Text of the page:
It has taken 125 amateur enthusiasts £700,000 and 60,000 hours of voluntary work over 21 years to rescue a heap of scrap and turn it back into a fully operational industrial work of art. Some of the team have not just sacrificed holidays and precious weekends. The whole exercise may even have pushed a few marriages to the brink, too. Now that it is done, several wives have reclaimed their husbands. Others, it must be said, cannot wait for another restoration to lure their husbands out of the house again.

But no one disputes the magnitude of the achievement. You can’t help wondering why on earth we don’t put this lot in charge of Britain’s entire rail network.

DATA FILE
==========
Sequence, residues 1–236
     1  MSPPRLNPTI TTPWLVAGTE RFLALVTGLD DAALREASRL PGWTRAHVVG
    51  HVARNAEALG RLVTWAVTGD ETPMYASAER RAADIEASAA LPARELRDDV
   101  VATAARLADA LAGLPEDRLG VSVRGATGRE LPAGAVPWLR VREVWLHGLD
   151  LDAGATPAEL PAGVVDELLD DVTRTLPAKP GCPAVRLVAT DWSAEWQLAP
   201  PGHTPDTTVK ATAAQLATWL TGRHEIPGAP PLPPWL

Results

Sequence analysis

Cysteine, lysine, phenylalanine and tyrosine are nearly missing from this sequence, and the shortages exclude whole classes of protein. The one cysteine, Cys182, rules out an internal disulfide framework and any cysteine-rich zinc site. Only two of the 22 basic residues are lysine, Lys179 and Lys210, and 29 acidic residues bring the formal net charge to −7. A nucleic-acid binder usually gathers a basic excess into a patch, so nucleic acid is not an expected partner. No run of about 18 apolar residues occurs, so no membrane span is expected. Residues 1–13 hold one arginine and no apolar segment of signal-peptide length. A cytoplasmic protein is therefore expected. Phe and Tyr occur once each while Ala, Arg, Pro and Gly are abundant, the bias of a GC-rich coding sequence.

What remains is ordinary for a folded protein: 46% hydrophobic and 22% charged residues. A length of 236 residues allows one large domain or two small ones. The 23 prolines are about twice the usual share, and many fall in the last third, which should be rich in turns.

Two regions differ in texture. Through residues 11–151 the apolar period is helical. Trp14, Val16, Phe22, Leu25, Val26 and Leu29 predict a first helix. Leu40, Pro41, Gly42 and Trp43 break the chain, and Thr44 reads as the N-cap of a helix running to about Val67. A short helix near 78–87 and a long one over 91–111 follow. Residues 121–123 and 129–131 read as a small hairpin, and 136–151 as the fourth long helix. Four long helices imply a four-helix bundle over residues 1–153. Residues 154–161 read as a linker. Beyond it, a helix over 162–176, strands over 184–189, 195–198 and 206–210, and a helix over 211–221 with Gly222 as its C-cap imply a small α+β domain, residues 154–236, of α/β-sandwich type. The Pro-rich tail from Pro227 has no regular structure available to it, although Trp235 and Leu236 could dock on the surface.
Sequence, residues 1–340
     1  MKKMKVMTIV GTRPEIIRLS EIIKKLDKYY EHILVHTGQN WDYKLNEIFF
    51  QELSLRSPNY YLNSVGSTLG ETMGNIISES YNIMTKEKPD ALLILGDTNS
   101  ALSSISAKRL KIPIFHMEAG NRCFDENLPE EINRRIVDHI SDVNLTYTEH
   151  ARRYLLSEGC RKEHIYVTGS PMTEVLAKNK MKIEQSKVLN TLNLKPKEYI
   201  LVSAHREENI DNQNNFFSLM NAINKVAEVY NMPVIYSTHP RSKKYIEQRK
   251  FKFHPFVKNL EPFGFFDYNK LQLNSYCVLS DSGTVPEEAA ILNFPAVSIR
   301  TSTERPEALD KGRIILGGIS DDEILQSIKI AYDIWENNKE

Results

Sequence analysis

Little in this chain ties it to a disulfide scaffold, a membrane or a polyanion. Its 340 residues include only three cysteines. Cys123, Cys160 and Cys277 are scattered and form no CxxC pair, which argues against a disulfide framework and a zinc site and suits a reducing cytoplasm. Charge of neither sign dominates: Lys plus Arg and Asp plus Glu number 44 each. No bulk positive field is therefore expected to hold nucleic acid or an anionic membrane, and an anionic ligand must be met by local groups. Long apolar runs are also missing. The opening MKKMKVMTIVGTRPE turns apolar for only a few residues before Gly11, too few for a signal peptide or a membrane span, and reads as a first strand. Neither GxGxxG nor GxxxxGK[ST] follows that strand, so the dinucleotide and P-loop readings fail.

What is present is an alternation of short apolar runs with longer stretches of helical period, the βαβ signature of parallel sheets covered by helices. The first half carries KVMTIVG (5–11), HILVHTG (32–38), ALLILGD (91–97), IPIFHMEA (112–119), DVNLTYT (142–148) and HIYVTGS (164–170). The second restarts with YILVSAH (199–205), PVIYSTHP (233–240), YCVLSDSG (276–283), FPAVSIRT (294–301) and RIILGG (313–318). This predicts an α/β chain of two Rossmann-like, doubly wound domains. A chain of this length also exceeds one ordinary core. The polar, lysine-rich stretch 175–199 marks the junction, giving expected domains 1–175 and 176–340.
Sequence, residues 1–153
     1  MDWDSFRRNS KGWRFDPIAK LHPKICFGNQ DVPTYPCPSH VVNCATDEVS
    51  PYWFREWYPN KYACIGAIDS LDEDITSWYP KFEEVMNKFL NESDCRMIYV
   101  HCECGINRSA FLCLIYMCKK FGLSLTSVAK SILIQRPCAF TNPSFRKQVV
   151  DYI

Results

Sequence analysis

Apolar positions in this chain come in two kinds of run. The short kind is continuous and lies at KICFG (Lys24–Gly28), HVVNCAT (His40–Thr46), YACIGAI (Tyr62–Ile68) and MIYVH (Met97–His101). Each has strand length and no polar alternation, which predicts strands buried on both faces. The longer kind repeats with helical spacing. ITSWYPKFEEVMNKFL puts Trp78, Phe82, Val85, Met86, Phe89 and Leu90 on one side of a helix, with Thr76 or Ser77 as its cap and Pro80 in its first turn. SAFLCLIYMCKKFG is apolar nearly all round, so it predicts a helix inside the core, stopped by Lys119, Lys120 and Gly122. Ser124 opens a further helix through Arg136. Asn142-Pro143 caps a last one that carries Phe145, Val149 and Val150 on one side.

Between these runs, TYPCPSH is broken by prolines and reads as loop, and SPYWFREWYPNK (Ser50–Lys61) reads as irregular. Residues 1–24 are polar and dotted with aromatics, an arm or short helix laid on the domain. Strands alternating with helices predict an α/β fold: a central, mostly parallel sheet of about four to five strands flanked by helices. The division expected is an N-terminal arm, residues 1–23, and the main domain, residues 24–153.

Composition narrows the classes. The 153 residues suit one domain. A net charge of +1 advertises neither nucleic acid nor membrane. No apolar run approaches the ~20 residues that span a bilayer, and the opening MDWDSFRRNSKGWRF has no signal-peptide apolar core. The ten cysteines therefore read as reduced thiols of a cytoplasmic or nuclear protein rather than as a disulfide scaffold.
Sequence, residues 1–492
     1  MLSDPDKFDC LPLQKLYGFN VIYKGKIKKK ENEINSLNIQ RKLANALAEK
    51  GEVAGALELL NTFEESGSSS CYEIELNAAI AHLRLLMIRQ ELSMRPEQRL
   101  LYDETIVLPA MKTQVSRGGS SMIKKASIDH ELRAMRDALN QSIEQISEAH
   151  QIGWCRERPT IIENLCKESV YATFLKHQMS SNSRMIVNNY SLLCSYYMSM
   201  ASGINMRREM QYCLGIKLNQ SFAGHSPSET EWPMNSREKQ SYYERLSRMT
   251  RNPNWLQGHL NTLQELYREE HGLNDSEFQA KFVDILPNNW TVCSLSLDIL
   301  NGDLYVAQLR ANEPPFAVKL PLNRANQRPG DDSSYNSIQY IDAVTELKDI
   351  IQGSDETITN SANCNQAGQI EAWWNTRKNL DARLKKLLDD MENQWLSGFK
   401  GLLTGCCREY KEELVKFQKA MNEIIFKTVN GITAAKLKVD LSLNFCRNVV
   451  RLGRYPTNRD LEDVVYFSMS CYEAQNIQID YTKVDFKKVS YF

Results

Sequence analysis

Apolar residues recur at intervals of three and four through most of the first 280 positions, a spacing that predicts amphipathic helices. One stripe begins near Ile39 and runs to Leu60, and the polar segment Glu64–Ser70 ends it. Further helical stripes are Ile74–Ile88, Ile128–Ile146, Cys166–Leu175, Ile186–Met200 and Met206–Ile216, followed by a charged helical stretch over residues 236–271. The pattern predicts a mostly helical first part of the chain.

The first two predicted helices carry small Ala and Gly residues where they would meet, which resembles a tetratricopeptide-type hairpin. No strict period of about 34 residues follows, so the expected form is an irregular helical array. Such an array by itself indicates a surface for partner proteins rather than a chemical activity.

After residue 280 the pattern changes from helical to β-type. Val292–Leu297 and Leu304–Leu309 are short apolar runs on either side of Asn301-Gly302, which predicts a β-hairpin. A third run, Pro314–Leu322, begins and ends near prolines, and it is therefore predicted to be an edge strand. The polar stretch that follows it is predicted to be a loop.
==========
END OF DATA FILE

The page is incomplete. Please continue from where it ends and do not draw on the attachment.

Everything is magnificently oiled and polished when I arrive. Edward II is not ‘in steam’ when I turn up (it will be this weekend) but it means I can clamber around the cab, and it’s all spotless.

This wonderful old railway shed is full of beautifully-maintained old engines, some of them dating back to the mid-19th century. One giant is kitted out in its World War One khaki livery. But the star of the show — which is open to the public most days — is Edward II.

Resident mechanic David Horsley shows me the controls — a red lever for going forward or backwards, another red lever for fast or slow and a series of handles and valves for braking. Behind me is a huge pile of coal and a very large shovel with which the fireman was expected to keep the boiler fully ablaze. Back-breaking stuff.